Stanford University to Offer Domestic Partner Benefits
Stanford University this week became one of the only schools in the country to extend health insurance and other benefits to same-sex domestic partners of university employees.
Harvard is currently considering the issue of providing benefits to domestic partners, and the city of Cambridge recently became one of a handful of cities to institute such a benefits program for employees.
Stanford's plan, approved by President Gerhard Casper and the Board of Trustees on Tuesday, will go into effect February l.
"Stanford feels it should not treat differently its gay and lesbian employees who cannot obtain a legal sanction of their enduring partnership, though their commitment to the partnership is analogous to that involved in contemporary marriage relationships," Barbara Butterfield, Stanford's vice president for faculty and staff services, said in a statement.
The decision was taken "after deep-searching, thorough and wide-open discussion," she said. Stanford officials began discussing the issue in the spring of 1991.
At Harvard, President Neil L. Rudenstine this fall formed a University-wide committee, chaired by Provost Jerry R. Green, to discuss extending benefits to the domestic partners of employees. The Harvard Union of Clerical and Technical Workers has demanded benefits for domestic partners, but University officials, calling the question "a very complicated issue," have made no promises.
Stanford defines "domestic partners" as "two individuals in an enduring relationship with exclusive mutual commitment and financial responsibilities analogous to those of marriage."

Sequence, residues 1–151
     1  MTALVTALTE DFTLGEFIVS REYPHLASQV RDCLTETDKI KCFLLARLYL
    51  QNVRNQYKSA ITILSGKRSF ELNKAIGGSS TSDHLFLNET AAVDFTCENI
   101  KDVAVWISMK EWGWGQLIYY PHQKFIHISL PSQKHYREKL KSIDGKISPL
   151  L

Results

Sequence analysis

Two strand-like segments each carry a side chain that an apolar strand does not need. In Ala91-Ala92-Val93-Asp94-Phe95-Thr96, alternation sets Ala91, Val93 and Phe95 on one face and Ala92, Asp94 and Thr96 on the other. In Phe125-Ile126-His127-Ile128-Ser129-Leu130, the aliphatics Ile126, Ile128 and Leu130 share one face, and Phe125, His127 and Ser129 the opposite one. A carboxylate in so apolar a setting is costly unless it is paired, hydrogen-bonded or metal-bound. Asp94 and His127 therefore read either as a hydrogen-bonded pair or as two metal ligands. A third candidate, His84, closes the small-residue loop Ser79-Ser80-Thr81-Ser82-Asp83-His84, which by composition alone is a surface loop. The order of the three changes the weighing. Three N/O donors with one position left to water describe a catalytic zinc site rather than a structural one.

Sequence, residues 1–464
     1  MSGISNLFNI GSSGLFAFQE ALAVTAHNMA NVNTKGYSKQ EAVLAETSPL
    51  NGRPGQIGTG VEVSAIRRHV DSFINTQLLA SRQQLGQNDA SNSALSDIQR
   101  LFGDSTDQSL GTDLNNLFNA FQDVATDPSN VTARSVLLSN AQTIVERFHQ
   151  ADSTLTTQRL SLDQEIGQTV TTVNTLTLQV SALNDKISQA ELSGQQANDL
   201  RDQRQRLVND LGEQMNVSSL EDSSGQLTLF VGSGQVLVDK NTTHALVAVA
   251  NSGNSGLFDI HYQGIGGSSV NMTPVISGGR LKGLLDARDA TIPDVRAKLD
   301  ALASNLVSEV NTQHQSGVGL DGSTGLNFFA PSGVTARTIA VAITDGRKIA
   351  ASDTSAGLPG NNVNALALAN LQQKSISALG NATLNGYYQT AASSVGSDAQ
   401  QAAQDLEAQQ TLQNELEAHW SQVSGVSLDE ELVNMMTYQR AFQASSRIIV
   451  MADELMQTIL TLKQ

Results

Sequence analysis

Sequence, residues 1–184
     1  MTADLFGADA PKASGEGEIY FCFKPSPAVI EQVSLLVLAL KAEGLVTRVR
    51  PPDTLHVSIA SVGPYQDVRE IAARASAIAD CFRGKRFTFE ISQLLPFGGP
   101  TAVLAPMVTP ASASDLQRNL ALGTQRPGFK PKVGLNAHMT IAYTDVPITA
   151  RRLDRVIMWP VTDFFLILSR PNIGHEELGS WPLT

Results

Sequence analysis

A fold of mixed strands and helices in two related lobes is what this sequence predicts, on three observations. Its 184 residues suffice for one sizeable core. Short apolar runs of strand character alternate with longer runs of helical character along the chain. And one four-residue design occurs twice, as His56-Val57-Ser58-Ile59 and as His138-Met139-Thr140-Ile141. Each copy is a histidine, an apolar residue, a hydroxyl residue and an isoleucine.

Besides health insurance, the benefits being extended to domestic partners include survivors' benefits, library privileges, and the right to audit courses at the university, according to a Stanford press release. The school will not extend health or other benefits to opposite-sex unmarried partners.
Stanford will pay 75 percent of the costs of health insurance for domestic partners, as it does now for spouses, The San Francisco Chronicle reported Wednesday. The university's statement estimated the annual cost to the school at $100,000 out of a $24 million health care budget.
The University of Iowa became the first college to offer health benefits to domestic partners earlier this year, according to the Chronicle.
Besides Harvard, other universities currently considering extending such benefits include Duke University, the University of California system and the University of Pennsylvania, the Chronicle reported.